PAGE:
US-Israel Strains Grow; Peace Outlook Dims
White House Gets Impatient with Shamir
WINDS of peace are not sweeping through the Middle East, and the United States is getting frustrated. Months of prodding, poking, and artfully worded communiqu'es from US officials have resulted in no progress toward ending the Palestinian uprising in Israel's occupied territories. The outlook for peace talks is dimmer than ever, due to Israeli domestic political turmoil and the recent raid on an Israeli beach by a faction of the Palestine Liberation Organization (PLO).
Pessimism about Arab-Israeli peace prospects abounds in Washington; a number of analysts say the situation is more volatile than at any time since the 1967 Arab-Israeli war. White House officials say they want to stay engaged in the search for a solution - but their hopes are not high.
``If the political will to move ahead doesn't exist in the region, we are not going to be able to create that political will from outside the region,'' said Secretary of State James Baker III on Tuesday.
The US will stop its current efforts to broker peace talks unless the new government of Israeli Prime Minister Yitzhak Shamir agrees to proceed without delay, Secretary Baker said. In a remark that revealed the Bush administration's growing impatience with the stalemate, Baker had this message for Mr. Shamir: ``The [White House] phone number is 202-456-1414. When you're serious about this, call us.''
Perhaps Baker sounded so peeved because success seemed near only a few months ago.
In February, it appeared that an historic Israeli-Palestinian dialogue was about to begin. But Israel's Likud-Labor coalition government could not quite agree on the last step: a complicated, US-backed formula for determining which Palestinians could take part in talks. The coalition collapsed over the issue, and out of the rubble a Likud-led right-wing coalition has emerged - the most conservative in Israeli history.
Shamir further hardened the new government's stance Wednesday by insisting that Palestinian negotiators accept Israel's idea of autonomy for the occupied territories before peace talks can begin. The whole idea for talks, leading to Palestinian elections, leading to more talks, was put forward by Shamir in the first place. But without Labor Party partners to placate, Shamir is even less likely to make the concessions necessary to implement this plan, US officials say.
The tensions in US-Israeli relations could be heightened further in coming weeks, as discussions begin on implementing legislation granting Israel $400 million in housing guarantees to help settle Soviet Jews.
In the past, Israel has made a standard pledge to use such money only in lands it occupied before the 1967 war. But under the new government, guidelines advocate expanding Jewish settlements in the occupied territories. US officials decline to say whether the US will ask for any further promises in exchange for the latest installment of housing money.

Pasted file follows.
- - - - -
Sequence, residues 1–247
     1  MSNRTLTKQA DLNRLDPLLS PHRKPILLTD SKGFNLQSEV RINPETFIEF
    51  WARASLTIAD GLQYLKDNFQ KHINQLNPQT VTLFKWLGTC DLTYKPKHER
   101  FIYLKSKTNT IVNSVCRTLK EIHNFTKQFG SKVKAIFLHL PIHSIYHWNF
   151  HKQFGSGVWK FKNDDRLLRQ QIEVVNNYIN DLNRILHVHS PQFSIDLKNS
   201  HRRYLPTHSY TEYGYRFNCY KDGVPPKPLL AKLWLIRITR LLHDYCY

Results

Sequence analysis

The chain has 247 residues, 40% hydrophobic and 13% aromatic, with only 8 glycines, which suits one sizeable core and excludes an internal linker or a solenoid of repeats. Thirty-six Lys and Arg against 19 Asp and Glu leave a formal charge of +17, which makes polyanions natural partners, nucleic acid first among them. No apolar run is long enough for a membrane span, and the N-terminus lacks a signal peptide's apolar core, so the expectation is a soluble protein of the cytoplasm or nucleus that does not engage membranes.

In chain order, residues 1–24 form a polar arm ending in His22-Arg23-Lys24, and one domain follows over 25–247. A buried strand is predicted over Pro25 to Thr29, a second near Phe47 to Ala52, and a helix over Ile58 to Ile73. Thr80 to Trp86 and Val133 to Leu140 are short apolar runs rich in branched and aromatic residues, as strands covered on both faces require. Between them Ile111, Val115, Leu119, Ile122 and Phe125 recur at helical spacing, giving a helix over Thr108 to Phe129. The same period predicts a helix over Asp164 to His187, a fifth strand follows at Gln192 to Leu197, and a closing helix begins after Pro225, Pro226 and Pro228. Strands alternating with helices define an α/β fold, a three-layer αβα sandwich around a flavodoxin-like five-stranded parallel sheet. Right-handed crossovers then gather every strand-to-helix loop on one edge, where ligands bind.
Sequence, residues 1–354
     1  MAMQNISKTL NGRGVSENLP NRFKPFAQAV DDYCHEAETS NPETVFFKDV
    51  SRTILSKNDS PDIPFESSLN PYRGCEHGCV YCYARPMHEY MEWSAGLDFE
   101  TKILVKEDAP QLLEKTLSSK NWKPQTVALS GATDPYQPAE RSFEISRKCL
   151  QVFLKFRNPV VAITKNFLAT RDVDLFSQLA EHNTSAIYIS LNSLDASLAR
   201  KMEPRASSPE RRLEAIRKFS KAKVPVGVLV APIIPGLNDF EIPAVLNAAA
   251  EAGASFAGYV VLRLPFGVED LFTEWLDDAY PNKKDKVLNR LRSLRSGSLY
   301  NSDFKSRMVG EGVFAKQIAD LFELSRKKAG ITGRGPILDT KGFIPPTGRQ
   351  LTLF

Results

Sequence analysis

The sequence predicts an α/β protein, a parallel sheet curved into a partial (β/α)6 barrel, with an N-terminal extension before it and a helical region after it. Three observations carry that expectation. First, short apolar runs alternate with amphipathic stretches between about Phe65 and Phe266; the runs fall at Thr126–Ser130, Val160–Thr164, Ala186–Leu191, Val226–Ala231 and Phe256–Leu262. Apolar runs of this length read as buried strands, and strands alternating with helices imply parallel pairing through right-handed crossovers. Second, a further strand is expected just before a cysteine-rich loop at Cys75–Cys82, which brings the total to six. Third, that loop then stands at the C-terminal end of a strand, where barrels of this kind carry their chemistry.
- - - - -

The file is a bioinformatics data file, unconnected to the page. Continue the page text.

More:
Meanwhile, US relations with the Palestinians are getting worse. A May 30 attack on an Israeli beach by two boatloads of guerrillas from a radical faction of the PLO may have been thwarted, but it succeeded in threatening the US-PLO dialogue.
The US began talking to the PLO in 1988, after Chairman Yasser Arafat publicly renounced terrorism. President Bush has called on Mr. Arafat to condemn the beach attack as terrorism in no uncertain terms, and to discipline Abul Abbas, the leader of the radical faction. Arafat has replied only with a general terrorism condemnation, and says he does not have the authority to discipline Abbas.
As of this writing, Bush has yet to cut off the US-PLO dialogue. Clearly the administration is playing for time. A serious breach with the Palestinians could end any hope of a peace process getting started, even if Shamir suddenly becomes amenable. It could weaken Arafat, to the benefit of such firebreathers as Abbas.
``They understand that there will be some negative consequences to a rupture,'' says William Quandt, a Middle East specialist at the Brookings Institution. ``A complete breach would simply add fuel to the extremism growing in the region.''
A break may be inevitable, says Mr. Quandt, but it could also be a suspension of direct contacts that allows continued dialogue through third parties.
Much is going on behind the scenes. Britain, France, and several other US allies have conveyed their belief that the US should not suspend or end its PLO relationship. Mr. Bush has spoken with President Hosni Mubarak of Egypt in recent days in an effort to work out some sort of compromise. Leaks carefully calculated to pressure the PLO have indicated that a suspension of relations is imminent.
The importance of the decision to the Middle East is such that administration officials say they won't set any deadlines for making it. But some members of Congress are growing restive, saying that delay gives the appearance that the White House is trying to find a way to let the PLO off the hook, and lessens US credibility with the Shamir government.
``It's very difficult to see how one could sit down and attempt to negotiate, quote, `peace', with an organization that is still, in my opinion, involving itself in terrorist acts,'' said Sen. Connie Mack III (R) of Florida, a member of the Senate Foreign Relations Committee.